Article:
So far, Google, Facebook and Co. have benefited from generous tax saving schemes in some EU Member States such as Ireland and the Netherlands where they pay almost no tax. In its initiatives presented today, the European Commission proposes that digital companies with an annual turnover of €750 million or more, including at least €50 million generated within the European Union, should pay a special tax. Revenues from the sale of user data to advertisers and from business transacted via platforms such as Airbnb are to be charged at three percent. In the long term, the European Commission wants to replace the special tax by a digital permanent establishment in corporate tax law. The profits are then to be calculated according to the usual corporate income tax rates. Taxation of digital businesses will also be discussed at the meeting of EU leaders in Brussels on Thursday and Friday (22 and 23 March).
MEP Sven Giegold, financial and economic policy spokesperson of the Greens/EFA group commented:
“European tax law must finally arrive in the 21st century. As long as the G20 countries cannot agree on global taxation for digital companies, the European Union must go ahead and ask Google and Co. to pay. Internet companies are no longer allowed to benefit from tax free rides. Digital companies like Facebook must also take their social responsibility in the real world. A common corporate tax law in Europe would of course be the ideal solution. But as long as the European tax havens are blocking, the EU Commission’s proposal is a good second-best solution.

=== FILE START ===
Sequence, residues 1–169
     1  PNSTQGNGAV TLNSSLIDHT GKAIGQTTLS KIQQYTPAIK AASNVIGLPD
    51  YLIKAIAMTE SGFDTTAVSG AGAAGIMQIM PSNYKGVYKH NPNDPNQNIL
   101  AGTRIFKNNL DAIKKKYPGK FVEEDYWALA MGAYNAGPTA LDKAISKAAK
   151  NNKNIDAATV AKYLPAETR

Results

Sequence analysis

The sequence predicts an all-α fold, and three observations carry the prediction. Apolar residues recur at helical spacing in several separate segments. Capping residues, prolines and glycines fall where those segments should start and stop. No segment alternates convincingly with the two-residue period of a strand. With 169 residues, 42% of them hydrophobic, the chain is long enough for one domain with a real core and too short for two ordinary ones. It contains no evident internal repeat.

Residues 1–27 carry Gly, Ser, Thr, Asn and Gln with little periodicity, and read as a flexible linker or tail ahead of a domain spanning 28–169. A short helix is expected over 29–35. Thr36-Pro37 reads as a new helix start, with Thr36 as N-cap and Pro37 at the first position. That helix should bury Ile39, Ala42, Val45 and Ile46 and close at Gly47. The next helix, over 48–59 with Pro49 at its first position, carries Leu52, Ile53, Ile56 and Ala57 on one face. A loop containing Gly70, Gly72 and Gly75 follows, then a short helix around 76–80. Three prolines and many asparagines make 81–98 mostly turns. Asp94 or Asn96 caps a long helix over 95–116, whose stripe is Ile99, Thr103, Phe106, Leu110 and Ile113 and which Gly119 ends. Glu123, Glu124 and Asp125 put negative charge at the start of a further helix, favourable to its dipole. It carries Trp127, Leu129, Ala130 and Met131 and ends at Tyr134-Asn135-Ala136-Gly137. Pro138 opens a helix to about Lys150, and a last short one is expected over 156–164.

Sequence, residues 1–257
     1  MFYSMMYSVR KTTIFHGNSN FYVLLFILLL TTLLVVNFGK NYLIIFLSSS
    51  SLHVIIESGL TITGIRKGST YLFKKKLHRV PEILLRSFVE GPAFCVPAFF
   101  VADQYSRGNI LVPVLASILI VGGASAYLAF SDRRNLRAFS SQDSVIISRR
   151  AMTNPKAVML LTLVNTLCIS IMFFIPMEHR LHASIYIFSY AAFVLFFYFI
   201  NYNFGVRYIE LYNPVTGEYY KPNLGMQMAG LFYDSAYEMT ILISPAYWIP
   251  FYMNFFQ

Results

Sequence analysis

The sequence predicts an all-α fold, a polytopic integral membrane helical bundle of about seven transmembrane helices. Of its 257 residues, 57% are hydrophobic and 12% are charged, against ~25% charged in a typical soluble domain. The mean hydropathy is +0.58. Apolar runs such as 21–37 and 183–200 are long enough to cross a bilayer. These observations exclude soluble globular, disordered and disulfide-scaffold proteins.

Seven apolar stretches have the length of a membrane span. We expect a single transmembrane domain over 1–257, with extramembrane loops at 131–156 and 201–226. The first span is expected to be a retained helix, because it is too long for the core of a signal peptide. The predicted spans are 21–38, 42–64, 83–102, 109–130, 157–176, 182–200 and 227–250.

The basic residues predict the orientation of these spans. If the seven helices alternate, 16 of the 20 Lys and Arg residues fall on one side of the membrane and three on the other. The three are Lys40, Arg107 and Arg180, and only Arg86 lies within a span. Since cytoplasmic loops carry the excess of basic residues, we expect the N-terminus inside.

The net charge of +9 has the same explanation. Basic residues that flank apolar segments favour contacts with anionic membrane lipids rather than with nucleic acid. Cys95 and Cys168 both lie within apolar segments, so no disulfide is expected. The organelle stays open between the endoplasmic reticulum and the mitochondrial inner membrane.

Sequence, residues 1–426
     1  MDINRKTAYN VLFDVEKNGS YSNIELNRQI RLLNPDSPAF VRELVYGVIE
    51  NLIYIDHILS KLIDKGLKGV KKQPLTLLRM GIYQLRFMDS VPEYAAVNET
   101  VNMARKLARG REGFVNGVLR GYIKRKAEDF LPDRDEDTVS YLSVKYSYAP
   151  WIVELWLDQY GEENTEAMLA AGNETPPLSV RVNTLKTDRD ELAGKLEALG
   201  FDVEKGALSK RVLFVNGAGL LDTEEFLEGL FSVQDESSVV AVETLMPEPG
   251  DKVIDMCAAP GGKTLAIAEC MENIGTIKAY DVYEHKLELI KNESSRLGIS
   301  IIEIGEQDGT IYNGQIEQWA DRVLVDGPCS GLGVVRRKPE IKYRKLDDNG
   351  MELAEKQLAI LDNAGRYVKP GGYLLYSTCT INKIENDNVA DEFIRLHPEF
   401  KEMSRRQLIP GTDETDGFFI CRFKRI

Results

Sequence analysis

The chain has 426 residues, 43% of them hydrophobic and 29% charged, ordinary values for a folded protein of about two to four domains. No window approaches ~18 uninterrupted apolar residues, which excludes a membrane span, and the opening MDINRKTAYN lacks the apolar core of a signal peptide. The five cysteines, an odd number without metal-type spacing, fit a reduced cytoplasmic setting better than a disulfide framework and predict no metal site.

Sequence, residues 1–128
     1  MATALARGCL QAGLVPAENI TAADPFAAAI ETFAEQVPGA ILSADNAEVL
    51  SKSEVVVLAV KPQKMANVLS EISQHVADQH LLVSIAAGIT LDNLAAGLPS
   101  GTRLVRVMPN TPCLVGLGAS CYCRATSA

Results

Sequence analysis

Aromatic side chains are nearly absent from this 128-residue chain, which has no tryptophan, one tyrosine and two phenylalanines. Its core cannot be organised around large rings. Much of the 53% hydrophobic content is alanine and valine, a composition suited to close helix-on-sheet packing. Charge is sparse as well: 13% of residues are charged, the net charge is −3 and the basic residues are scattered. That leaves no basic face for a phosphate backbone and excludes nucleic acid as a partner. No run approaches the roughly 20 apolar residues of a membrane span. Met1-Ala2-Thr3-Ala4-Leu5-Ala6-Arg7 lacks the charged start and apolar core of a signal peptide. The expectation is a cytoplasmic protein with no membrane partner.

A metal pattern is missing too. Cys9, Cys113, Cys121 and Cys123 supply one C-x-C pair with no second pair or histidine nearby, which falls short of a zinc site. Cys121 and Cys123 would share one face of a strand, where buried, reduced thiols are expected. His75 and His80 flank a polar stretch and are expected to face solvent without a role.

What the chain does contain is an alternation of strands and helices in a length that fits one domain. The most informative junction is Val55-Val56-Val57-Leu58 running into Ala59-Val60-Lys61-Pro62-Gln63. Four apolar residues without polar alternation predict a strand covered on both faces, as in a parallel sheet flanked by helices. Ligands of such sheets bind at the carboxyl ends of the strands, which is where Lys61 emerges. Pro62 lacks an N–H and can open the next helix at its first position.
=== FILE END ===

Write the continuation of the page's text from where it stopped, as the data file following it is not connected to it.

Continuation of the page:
The European Commission’s initiative is the right signal for more tax justice in the European Union. Fair competition in the internal market between local and digital companies requires everyone to pay taxes. EU governments must implement the proposals swiftly. Chancellor Angela Merkel must oblige the heads of state and government to concrete steps. The Council’s blockades against tax dumping costs the European Member States money every day.
The special tax on sales of digital companies is not a permanent solution. Inventive tax advisors will exploit the difficult distinction between digital sales and other revenues and redirect virtual business outside the European Union. In order to effectively prevent tax evasion, we must adapt the concept of the taxable permanent establishment to the digital age.
Should the Member States block the new proposals, the EU Commission must not hesitate to submit its proposals under Article 116 TFEU to overcome the unanimity principle”.